Late last night, Chris Cotillo reported that the San Diego Padres had agreed to a four-year deal with James Shields.
Sources: #Padres in agreement with James Shields on four-year deal. Includes club option for fifth season.
— Chris Cotillo (@ChrisCotillo) February 9, 2015
The side effect to this deal is that the MLB draft order is now set. Shields was the final free agent to sign who was eligible for draft pick compensation. The Padres had an unprotected pick in the first round, forfeiting the 13th overall selection in this deal. As a result, everyone from picks 14-33 moved up a spot. That grouping including two picks by the Pittsburgh Pirates, who will end up picking 19th and 32nd overall in the first round. The 19th overall pick is their original first round pick, and the 32nd overall pick is the selection they received for losing Russell Martin.
The Pirates also pick 62nd overall in the second round, 96th overall in the third round, and then select every 30 picks in rounds 4-10, starting with pick number 127 in the fourth round.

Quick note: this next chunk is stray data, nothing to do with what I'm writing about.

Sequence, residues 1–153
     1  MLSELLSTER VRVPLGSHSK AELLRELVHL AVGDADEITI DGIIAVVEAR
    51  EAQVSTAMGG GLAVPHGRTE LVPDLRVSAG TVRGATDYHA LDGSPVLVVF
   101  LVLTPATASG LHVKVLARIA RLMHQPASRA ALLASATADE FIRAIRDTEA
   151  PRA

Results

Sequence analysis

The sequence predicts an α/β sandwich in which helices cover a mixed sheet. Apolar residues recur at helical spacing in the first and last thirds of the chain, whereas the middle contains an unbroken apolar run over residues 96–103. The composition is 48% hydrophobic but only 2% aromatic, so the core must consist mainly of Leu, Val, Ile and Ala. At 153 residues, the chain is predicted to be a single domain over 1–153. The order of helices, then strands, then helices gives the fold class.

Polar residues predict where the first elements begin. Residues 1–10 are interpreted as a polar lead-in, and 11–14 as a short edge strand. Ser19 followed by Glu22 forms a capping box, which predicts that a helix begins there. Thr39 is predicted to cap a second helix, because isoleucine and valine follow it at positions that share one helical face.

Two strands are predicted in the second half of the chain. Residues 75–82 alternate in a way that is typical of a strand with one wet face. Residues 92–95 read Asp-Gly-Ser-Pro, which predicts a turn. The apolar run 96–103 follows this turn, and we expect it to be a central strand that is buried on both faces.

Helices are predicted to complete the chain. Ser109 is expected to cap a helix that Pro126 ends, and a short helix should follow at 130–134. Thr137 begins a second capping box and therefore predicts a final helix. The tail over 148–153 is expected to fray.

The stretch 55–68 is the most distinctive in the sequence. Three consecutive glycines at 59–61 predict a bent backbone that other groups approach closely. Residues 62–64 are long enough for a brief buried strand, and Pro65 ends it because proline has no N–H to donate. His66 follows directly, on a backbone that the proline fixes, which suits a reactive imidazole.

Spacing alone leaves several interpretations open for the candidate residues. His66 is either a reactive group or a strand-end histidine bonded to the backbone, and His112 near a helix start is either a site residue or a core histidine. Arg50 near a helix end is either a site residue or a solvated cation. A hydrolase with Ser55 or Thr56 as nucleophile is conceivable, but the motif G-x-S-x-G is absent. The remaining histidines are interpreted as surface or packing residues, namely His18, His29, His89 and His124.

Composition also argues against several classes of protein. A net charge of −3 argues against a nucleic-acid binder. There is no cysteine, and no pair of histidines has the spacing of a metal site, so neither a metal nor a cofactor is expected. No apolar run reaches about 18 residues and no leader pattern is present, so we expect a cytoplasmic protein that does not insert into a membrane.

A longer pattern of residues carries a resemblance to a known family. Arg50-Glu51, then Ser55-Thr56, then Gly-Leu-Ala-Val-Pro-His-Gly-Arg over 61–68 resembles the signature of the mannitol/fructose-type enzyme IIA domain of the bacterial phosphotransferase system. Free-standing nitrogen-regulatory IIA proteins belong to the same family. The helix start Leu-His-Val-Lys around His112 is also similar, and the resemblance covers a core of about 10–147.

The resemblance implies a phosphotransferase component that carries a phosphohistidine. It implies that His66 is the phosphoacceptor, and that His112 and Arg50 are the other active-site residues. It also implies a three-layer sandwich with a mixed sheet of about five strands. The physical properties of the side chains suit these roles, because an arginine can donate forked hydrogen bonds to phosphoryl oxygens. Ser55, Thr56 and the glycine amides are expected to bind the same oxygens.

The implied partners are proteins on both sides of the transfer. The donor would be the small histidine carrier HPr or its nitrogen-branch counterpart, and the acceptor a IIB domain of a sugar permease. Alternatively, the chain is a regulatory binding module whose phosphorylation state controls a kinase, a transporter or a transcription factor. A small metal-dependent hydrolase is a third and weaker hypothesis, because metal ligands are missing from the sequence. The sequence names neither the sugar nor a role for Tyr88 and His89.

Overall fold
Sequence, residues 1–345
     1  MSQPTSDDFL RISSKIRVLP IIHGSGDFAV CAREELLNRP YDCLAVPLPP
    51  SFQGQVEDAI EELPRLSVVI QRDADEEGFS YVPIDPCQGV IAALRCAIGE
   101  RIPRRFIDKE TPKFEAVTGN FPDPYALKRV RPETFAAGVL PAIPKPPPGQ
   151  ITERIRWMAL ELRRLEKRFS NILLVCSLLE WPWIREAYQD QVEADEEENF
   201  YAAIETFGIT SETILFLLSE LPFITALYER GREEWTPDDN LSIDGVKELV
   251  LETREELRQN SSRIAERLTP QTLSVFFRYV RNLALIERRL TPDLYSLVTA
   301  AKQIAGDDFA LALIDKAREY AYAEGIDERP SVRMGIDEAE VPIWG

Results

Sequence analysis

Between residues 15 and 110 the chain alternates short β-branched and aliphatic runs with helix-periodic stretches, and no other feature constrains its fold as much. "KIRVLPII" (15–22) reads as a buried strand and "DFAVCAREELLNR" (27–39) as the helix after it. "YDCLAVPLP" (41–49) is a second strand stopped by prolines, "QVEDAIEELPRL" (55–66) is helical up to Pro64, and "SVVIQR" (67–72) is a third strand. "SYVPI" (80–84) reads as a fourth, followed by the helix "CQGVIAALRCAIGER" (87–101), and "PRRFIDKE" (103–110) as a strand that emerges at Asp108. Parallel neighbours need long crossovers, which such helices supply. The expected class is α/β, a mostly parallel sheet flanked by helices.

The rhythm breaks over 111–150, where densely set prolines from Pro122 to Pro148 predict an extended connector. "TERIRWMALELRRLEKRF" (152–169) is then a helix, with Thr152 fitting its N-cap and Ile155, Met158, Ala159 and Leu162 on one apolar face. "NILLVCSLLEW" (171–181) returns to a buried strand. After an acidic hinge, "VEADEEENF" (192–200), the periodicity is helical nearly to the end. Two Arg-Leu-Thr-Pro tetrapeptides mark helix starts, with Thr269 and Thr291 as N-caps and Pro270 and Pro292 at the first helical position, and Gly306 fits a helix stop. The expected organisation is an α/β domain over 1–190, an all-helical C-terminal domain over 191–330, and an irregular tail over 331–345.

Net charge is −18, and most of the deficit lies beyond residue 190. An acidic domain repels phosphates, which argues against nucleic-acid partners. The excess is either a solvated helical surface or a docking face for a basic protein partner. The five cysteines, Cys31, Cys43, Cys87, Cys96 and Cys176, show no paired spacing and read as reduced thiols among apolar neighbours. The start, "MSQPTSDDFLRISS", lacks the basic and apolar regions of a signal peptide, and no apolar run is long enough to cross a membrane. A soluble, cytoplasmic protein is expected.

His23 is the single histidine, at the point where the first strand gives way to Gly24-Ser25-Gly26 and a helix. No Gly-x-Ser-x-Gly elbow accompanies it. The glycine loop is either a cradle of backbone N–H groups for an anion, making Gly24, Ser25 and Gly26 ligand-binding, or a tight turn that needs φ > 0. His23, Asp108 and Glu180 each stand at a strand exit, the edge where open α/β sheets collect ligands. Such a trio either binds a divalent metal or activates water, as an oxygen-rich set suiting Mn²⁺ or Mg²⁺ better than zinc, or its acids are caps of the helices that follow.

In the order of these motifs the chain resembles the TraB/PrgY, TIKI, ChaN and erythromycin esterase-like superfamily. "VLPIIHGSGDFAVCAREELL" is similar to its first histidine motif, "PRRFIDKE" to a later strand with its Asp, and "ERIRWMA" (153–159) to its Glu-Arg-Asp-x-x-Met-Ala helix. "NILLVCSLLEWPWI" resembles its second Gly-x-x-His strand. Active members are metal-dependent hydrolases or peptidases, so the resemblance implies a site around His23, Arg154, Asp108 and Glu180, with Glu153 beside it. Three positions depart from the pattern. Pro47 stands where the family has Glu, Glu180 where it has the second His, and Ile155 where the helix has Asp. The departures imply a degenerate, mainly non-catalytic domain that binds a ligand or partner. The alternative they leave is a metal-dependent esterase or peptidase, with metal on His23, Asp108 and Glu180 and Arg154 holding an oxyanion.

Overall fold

If we use last year’s draft slot values as a guide, the Pirates will have $6,796,200 to spend in the 2015 draft. This assumes that the draft slots will remain the same. That wasn’t the case last year, as the overall prices increased 1.7%. A similar increase this year would give the Pirates $6,911,735 in their bonus pool.
UPDATE: Baseball America projects a 13% increase, which would put the Pirates at $7,692,588.
The price also assumes the Pirates don’t add any additional picks, like they did last year when they traded Bryan Morris for the 39th overall selection a week before the draft.
Last year the Pirates had $7,063,700 to spend in the draft, despite picking 24th and 39th in the first round and the first compensation round. The key difference was that they received a Competitive Balance pick after the second round, giving them 12 picks in the top ten rounds. They were shut out from a Competitive Balance pick this year, meaning their draft pool will be $256,100 lower, despite picking higher with each of their first two selections. If Baseball America’s big projected increase this year turns out to be a more accurate number, then they will have more than their 2014 totals, although that would be entirely due to the prices going up across the board.